I am glad to have read this article. On the occasions when I had the chance to go on vacation, some of them were okay, and some were stressful. For those I found ‘ nice and relaxing’, the ‘nice’ feeling was short-lived.
This led me to think that there must be something wrong with me, for not knowing how to enjoy a vacation. After reading this article, I know that vacations are ..... overrated? And that there is nothing wrong with me. :-)
You may feel you are in seventh heaven while lazing on a sunny beach or exploring some quaint faraway little town. But will you be able to take home that feel-good factor? Probably not.
A recent study says that happiness from vacations may be short-lived.
Researchers from the Netherlands set out to measure the effect that vacations have on overall happiness and how long it lasts.
They studied happiness levels among 1,530 Dutch adults, 974 of whom took a vacation during the 32-week study period.
The study, published in the journal Applied Research In Quality Of Life recently, showed that the largest boost in happiness comes from the simple act of planning a vacation. In the study, the effect of vacation anticipation boosted happiness for eight weeks.
After the vacation, happiness quickly dropped back to baseline levels for most people.
How much stress or relaxation a traveller experienced on the trip appeared to influence post-vacation happiness. There was no post-trip happiness benefit for travellers who said the vacation was ‘neutral’ or ‘stressful’.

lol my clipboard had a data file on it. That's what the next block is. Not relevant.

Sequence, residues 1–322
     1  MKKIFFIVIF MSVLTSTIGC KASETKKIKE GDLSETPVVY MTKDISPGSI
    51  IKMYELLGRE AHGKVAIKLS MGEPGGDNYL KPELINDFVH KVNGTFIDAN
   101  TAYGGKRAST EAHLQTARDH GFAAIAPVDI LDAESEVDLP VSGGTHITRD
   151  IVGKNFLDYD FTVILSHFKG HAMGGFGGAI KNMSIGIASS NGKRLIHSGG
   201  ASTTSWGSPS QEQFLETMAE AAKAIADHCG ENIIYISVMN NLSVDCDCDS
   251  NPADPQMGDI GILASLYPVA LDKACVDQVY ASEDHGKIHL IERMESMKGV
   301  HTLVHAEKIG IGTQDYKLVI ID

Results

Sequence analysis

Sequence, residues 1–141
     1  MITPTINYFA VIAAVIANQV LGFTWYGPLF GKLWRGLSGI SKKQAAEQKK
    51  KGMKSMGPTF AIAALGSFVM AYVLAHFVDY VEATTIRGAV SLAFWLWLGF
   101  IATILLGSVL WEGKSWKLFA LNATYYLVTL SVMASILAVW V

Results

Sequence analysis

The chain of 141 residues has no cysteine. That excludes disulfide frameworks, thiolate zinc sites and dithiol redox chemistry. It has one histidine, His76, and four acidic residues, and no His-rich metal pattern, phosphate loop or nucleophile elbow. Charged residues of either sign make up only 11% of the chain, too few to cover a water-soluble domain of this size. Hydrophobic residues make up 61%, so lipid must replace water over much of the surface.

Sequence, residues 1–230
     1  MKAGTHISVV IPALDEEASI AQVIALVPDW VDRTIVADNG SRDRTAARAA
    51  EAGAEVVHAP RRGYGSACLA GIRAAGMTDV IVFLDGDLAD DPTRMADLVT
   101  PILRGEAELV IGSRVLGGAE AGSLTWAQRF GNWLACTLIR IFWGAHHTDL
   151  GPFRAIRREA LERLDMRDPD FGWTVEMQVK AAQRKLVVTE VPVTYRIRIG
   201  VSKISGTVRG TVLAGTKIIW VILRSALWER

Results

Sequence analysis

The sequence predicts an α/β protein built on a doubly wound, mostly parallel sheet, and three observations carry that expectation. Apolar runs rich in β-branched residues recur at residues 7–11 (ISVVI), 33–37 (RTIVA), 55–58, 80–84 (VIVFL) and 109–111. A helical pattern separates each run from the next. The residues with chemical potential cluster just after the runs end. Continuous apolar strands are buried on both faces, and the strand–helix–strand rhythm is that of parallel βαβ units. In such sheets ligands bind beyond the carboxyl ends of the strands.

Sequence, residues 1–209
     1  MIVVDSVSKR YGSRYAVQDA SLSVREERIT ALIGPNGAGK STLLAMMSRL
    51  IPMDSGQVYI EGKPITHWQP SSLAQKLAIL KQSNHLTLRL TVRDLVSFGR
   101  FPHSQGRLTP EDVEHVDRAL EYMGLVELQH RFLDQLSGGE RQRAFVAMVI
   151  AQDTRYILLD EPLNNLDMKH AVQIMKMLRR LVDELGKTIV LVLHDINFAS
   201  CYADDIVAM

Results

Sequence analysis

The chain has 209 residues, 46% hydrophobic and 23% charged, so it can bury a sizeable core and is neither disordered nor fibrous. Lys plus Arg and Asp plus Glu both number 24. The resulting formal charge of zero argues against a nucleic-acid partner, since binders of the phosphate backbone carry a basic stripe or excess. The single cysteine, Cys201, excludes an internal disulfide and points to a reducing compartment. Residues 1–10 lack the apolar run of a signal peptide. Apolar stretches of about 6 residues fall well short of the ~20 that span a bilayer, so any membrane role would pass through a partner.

Surprisingly, even travellers who described the trip as ‘relaxing’ showed no additional jump in happiness after the trip. “They were no happier than people who had not been on a holiday,” said lead author Jeroen Nawijn, a tourism research lecturer at Breda University of Applied Sciences in the Netherlands.
The only vacationers who experienced an increase in happiness after the trip were those who reported feeling “very relaxed” on their vacation. However, even among those people, the vacation happiness effected lasted for just two weeks after the trip before returning to baseline levels.
Mr Nawijn said: “Vacations do make people happy, but we found people who are anticipating holiday trips show signs of increased happiness. Afterwards, there is hardly an effect.”
One reason vacations do not boost happiness after their trip may have to do with the stress of returning to work. Also, for some travelers, the holiday itself was stressful.
The study did not find any relationship between the length of a vacation
and overall happiness.
Since most of the happiness boost comes from planning and anticipating a vacation, the study suggested that people may get more out of several small trips a year than form one big vacation.
- The New York Times